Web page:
In the years since we first met Tobias, Vern, Ryan and the rest of the distinctive, damaged (and distinctively damaged) inmates in television’s most terrifying prison, there's no doubt that Oz left its mark on prestige TV. Raw, unfiltered and brutally honest, Oz anticipated the coming wave of serialized drama. Below, a few other HBO shows that followed its lead:
Before there was anti-hero Tony Soprano, there was Vern Schillinger, demented Aryan gang menace. Vern was ruthless and manipulative, but illustrating his motives and psychosis gave viewers a window into how and why he came to be. So it was with Tony Soprano, whose understanding of his motivations came with the added benefit of professional therapy.
David Simon’s crime epic famously dared to present an expansive, all-encompassing perspective on how people are failed by their institutions. Oz, honing in on the system’s failure to rehabilitate and restore its inhabitants, presented a template for modern dramatic narratives that seek to understand the reasons why.
Oz’s collection of villainous inmates has much in common with Boardwalk Empire’s motley crew of evildoers. Gyp Rosetti and Valentin Narcisse had hair-trigger tempers that bear similarities to Vern Schillinger and James Robson’s compulsions for vengeance.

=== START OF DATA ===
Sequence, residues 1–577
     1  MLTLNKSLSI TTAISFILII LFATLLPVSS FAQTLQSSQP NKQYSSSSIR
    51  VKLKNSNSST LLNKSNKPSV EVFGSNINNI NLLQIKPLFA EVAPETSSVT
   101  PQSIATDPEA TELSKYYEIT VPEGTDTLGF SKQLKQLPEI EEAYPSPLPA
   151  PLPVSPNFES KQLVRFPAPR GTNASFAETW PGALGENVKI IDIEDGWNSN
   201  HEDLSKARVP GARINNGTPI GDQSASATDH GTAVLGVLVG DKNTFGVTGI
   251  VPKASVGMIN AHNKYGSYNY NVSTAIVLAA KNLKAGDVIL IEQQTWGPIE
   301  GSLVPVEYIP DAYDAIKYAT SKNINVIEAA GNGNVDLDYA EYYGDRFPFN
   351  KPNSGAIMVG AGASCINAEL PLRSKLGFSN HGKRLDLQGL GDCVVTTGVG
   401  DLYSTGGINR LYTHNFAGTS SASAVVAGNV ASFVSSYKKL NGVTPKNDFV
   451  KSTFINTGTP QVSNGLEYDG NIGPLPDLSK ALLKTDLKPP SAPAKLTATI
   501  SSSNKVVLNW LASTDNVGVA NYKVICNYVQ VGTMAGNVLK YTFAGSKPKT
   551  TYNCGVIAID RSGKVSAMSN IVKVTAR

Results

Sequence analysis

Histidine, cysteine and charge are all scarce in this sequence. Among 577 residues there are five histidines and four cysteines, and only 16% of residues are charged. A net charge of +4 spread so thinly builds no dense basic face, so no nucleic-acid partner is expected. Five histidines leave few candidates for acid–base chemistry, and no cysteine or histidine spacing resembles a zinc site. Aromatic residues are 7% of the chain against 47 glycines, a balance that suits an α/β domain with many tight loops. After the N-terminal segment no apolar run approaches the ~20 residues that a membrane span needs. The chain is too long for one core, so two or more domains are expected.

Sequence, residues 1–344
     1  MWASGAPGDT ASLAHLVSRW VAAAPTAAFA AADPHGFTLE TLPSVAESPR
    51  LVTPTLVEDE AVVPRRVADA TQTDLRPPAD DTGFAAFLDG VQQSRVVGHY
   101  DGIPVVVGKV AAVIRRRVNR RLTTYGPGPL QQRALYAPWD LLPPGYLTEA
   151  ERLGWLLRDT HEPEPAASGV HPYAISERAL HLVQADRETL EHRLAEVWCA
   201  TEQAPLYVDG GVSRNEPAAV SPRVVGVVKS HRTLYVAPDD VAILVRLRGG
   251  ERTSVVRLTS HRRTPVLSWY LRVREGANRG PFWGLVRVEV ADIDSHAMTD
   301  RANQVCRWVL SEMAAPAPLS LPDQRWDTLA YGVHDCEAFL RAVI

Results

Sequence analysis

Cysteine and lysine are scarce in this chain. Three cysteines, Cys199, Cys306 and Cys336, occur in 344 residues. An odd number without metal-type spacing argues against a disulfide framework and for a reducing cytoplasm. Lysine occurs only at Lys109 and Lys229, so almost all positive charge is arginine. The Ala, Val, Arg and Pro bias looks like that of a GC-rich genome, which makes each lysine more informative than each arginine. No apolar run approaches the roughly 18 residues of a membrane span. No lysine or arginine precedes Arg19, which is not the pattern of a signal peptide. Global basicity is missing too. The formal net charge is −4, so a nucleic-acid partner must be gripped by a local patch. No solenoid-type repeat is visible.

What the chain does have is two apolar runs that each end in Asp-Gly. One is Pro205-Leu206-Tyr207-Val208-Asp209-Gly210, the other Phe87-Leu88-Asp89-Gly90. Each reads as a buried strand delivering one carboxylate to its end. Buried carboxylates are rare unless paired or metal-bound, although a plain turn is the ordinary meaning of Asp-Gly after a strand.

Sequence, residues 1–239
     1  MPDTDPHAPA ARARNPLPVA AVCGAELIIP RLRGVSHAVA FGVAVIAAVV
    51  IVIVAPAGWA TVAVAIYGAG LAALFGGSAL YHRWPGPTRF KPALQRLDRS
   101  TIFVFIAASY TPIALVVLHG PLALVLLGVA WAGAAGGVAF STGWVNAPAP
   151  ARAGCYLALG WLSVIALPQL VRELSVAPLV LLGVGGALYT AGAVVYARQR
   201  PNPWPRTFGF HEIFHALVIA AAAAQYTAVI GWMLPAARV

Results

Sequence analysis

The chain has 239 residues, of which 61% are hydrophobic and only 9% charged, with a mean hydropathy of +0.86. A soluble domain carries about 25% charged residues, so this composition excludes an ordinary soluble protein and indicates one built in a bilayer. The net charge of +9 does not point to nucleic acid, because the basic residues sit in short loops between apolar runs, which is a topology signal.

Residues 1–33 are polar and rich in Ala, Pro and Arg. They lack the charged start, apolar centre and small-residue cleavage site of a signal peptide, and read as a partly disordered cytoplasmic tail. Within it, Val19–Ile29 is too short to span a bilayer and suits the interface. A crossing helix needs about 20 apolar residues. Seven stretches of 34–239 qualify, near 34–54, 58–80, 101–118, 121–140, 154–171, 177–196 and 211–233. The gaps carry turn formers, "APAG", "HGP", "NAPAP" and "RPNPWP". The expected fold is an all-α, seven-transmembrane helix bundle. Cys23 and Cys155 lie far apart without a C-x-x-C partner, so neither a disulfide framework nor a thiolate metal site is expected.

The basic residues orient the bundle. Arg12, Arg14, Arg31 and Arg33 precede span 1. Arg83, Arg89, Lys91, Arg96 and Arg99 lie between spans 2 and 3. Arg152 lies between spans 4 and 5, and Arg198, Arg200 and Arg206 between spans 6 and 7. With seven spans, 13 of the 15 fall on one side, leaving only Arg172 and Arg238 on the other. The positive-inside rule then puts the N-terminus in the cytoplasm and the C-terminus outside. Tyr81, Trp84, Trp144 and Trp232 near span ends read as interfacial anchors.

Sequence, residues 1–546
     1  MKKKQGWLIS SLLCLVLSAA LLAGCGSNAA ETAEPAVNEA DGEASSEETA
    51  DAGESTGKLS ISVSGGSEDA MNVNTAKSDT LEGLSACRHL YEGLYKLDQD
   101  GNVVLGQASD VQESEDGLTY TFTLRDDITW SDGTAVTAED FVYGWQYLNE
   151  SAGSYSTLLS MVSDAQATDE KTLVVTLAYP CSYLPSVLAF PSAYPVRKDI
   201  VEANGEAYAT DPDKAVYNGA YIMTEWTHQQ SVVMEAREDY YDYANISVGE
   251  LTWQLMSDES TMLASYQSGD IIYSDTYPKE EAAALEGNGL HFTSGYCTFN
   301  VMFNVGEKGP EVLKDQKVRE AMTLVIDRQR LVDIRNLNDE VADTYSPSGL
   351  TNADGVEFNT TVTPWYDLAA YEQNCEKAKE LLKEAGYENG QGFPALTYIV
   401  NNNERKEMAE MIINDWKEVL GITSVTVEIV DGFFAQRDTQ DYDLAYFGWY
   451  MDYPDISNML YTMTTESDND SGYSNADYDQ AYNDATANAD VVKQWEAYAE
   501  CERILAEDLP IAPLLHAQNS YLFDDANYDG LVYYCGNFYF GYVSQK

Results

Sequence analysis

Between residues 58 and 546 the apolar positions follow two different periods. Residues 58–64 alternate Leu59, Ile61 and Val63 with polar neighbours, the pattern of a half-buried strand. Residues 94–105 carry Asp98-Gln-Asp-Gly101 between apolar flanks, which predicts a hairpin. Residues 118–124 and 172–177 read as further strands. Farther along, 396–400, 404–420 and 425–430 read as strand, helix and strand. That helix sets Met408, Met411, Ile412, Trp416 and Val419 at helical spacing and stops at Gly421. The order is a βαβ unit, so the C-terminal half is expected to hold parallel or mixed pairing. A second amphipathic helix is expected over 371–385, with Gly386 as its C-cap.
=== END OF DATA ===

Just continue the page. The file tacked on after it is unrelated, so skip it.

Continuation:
Oz notably presented an unflinching (though admittedly hyperbolic) window into prison violence. In The Night Of, Nasir Khan lives in a specter of jailhouse brutality that like Tobias, both victimize him and mutates him into a tragically different person.
In Oz, anyone could die, even the series’ ostensible lead in the first episode. The idea that no one is safe carries forward on Game of Thrones, which has no qualms about saying goodbye to principal characters. The two shows also share a medieval approach when it comes to depicting these deaths; a throat slit by sharp fingernails, a facing melting away on Oz would not feel out of place in Westeros.